A Study of the Use of Computer-Assisted-Instruction for Older Learners in a Continuing Education Program
Description: The purpose of this study was to assess the achievement of older learners when using computer-assisted-instruction tutorials with no time limits and to compare this achievement with that of other older students who were taught by the conventional lecture method of instruction. The effects of prior formal education, physical limitations, socioeconomic status, and sex were also identified. Students in the age categories fifty-five to sixty-seven and sixty-eight and over were placed at random in either a control group that would receive instruction in the conventional lecture method or a treatment group that would receive computer-assisted-instruction. Each of the students in the study completed a demographic data form, received instruction, and was tested over the topics which had been covered. The test scores and demographic data were summarized and analyzed using two-way analysis of variance. The purpose of the analysis was to determine (1) if there was a significant difference in the effectiveness of the two methods of instruction, (2) if there was a significant difference in the performance of the two age categories, (3) if there was a significant interaction between the age levels and the methods of instruction, and (4) if the test scores were affected by past formal education, physical limitations, socioeconomic status, or sex. It was determined that students in the computer-assisted-instruction groups scored as well as those in the conventional lecture method of presentation groups. There were no significant effects from past formal education, physical limitations, socioeconomic status, or sex. However, there were trends in the data that warrant further study. It was recommended that educators be encouraged to use computer-assisted-instruction tutorials when working with older students. CAI was found to be at least as effective as the more conventional lecture method, and the growth and expansion of computer technology makes this a viable option for ...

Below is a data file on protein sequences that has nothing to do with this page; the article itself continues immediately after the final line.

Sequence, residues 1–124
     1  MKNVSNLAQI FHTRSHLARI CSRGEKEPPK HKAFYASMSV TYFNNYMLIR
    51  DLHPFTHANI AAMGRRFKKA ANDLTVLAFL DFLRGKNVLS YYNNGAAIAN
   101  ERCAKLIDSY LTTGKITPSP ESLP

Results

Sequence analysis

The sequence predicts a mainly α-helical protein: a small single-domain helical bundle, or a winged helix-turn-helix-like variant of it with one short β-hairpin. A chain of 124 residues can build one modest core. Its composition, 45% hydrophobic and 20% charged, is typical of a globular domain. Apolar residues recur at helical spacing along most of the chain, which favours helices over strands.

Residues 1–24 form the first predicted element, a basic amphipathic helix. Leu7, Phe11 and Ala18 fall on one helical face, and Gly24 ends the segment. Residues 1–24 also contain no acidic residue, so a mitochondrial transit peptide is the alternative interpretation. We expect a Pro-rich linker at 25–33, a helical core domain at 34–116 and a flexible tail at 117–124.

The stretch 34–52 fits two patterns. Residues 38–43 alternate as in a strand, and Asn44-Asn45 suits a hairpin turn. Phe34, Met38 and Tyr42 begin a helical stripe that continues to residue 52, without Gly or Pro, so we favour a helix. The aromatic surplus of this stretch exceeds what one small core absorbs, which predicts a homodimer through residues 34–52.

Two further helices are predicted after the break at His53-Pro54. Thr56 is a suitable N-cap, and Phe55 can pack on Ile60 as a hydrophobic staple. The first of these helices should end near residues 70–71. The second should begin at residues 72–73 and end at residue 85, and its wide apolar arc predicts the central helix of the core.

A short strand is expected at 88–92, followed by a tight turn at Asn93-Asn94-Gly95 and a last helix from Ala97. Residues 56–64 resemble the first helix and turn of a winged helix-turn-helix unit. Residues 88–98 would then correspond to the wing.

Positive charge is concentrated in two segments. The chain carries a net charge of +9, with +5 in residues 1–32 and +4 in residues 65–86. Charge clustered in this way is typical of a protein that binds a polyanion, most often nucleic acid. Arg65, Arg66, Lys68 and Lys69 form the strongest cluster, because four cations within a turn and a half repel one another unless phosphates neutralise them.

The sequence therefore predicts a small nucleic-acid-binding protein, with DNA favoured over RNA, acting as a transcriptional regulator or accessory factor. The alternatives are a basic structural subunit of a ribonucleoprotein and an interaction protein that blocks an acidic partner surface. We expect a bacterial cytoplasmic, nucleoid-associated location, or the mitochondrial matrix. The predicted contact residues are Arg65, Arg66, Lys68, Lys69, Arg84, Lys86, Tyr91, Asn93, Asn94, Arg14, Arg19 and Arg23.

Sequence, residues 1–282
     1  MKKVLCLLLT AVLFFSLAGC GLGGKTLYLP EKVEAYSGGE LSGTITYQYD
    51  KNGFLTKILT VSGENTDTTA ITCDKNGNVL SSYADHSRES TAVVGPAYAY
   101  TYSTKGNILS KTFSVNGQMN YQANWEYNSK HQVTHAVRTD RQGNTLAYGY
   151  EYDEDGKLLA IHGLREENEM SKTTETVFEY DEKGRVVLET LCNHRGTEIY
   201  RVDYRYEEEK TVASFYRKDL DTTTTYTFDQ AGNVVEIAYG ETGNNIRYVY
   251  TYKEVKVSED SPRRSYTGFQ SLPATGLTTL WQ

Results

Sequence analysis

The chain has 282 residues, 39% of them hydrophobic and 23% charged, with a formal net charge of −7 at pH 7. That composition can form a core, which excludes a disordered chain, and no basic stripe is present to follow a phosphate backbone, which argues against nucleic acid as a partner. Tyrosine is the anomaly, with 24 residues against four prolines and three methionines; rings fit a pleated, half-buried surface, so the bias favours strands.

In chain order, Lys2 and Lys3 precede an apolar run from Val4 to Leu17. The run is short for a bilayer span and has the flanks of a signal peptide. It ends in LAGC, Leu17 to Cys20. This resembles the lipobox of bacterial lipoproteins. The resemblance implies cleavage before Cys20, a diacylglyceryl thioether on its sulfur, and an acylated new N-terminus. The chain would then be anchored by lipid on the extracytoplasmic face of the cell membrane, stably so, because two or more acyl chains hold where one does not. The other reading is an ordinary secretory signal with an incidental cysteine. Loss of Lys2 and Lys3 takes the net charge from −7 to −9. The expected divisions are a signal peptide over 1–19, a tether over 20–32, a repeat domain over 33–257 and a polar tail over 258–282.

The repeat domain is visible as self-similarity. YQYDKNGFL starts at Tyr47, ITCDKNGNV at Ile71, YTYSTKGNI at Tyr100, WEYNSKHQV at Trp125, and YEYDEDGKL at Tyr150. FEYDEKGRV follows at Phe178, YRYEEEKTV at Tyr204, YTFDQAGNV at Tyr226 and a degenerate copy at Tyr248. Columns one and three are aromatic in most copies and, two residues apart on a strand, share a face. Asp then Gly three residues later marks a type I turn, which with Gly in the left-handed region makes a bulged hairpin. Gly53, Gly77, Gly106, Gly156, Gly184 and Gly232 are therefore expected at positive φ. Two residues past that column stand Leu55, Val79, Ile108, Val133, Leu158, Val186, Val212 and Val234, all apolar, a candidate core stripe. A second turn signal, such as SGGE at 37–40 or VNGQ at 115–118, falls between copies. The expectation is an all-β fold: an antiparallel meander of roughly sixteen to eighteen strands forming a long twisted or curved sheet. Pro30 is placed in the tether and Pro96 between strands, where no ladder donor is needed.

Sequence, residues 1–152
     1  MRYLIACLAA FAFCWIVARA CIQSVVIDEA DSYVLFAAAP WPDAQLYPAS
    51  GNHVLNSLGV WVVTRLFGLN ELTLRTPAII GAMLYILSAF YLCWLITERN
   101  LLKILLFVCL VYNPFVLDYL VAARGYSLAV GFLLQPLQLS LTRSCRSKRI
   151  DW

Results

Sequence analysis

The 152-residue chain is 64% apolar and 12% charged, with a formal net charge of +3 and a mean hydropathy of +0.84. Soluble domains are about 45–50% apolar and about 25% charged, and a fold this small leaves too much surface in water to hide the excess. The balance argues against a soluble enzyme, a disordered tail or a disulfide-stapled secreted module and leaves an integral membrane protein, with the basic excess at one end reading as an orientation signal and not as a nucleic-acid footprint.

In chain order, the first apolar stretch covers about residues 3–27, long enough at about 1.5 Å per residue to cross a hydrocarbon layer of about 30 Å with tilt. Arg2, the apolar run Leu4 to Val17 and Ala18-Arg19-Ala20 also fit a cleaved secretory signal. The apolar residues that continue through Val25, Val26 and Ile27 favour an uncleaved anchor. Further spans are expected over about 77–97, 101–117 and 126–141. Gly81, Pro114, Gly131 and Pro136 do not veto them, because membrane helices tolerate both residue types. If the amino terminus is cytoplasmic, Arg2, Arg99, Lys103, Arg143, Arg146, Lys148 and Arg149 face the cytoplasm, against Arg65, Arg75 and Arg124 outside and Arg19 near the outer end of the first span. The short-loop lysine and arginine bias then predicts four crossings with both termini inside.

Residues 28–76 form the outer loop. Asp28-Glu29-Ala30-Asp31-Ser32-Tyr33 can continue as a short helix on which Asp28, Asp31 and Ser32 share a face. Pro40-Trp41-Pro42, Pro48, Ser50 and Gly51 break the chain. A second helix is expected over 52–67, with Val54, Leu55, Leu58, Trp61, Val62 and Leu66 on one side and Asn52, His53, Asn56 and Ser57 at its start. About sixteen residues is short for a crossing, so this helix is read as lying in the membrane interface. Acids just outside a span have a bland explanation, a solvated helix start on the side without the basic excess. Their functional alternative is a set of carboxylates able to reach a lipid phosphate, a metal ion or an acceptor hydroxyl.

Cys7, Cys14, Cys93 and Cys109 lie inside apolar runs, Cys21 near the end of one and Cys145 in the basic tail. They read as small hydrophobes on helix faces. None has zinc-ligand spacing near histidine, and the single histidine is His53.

Date: August 1989
Creator: Richardson, Susan Morris
Partner: UNT Libraries